Following a trailer laden with kayaks down the Brand Highway. It's Friday and the road is busy. Midmorning. Owing to the fact that we don't have to be in Perth until later in the afternoon, we've opted against the Dawns Crack departure, leaving home instead at the civilised hour of 8am instead. Plenty of time to stop at The Quiet Life for a chair and cake for the road. Lucky me.
It's got it's drawbacks, though. Kayakman being one of them.
We've passed a multitude of caravans, and as each one wallows past I feel a tiny pang of wishing. The freedom grey nomads have is incredible, and it must feel incredible to them. The antithesis of everything they've known in their lives up to now. All the structure of a hard working existence suddenly scattered to the wind and the road stretching infinitesimally forwards.
Ahead, Kayakman makes the dangerous move of wobbling out to overtake a truck that's carting, among other things, an Ambulance. We do the same, though less wobbly, and fall in behind another truck, this one carting about 100 gas bottles and 3 engines the size of our family-sized car. It's a long, straight road. We overtake gas bottle truck and then leap frog Kayakman too. This is good, and also bad.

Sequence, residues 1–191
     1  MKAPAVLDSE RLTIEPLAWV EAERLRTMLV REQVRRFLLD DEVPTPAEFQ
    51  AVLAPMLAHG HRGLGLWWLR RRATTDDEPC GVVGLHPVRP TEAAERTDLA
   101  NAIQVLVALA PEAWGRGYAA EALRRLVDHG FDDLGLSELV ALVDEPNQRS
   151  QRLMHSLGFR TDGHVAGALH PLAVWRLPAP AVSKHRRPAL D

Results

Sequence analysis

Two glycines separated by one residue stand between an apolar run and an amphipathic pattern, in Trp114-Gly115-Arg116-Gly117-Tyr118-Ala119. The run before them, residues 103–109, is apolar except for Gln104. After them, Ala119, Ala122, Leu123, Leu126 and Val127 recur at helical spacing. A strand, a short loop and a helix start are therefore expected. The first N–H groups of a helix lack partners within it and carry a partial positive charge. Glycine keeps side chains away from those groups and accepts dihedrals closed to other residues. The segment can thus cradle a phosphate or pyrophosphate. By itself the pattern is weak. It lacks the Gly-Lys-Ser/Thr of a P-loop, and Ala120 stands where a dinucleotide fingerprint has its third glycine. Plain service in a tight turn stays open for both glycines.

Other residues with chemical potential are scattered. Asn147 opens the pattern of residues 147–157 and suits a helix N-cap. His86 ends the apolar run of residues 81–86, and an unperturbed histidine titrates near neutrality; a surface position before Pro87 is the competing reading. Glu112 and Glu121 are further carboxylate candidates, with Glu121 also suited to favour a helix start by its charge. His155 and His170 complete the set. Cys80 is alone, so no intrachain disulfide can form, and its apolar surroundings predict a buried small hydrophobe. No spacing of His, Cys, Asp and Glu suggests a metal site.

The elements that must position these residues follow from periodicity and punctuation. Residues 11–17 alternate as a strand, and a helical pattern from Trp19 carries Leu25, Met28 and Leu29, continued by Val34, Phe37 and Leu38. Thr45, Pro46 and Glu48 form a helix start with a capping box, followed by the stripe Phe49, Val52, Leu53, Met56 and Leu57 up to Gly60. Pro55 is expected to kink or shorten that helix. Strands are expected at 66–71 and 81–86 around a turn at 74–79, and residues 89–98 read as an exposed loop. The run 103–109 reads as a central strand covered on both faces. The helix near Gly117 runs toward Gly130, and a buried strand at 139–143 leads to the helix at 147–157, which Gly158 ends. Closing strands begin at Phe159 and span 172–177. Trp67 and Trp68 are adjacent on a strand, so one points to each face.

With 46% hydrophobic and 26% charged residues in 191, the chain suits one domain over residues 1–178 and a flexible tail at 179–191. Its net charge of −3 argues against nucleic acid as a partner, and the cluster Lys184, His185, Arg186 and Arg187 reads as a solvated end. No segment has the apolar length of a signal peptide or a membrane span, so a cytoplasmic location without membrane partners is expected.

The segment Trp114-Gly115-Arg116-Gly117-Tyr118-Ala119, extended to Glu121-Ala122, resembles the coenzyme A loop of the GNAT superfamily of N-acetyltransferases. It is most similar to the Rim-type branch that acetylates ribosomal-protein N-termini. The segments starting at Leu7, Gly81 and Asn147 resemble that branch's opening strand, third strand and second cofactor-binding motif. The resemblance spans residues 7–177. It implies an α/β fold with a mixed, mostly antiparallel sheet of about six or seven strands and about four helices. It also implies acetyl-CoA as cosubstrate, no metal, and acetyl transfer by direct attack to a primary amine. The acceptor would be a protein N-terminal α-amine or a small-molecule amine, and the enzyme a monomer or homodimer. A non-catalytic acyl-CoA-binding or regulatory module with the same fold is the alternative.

If I know Chris - and I do - he'll go non-stop now so he doesn't have to pass them again, which means good progress. It's also very bad news for me if I need a wee, which I undoubtedly will. Mother-bladder is a thing....
It's one of those really golden autumn days. There's a few white clouds like silk strands across an otherwise achingly blue sky, diffusing the sunlight just enough to curb its harsh glare into something softer; more glorious and less hostile. It's pretty flat and monotonous along this stretch of road, but the vegetation is glowingly verdant in it's tough Australian way, and there's plenty of birdlife around. The glossy blue-black of a crow sits starkly illuminated standing over its robust nest high in a Banksia tree as we pass another truck. This one has 3 utes and about ten thousand clean orange road cones on the back.
Someone waves vigorously at us as they drive past, and Chris and I simultaneously shrug and glance at each other. No clue who that was. Another time he'll say," Who that bastard?" As if I have any fucking clue.
A ute with some loose plastic on the back zips past us with a raspberry-farting flap and we all laugh.
The good news is that for now the road is clear.
The bad news is I'm starting to need a wee.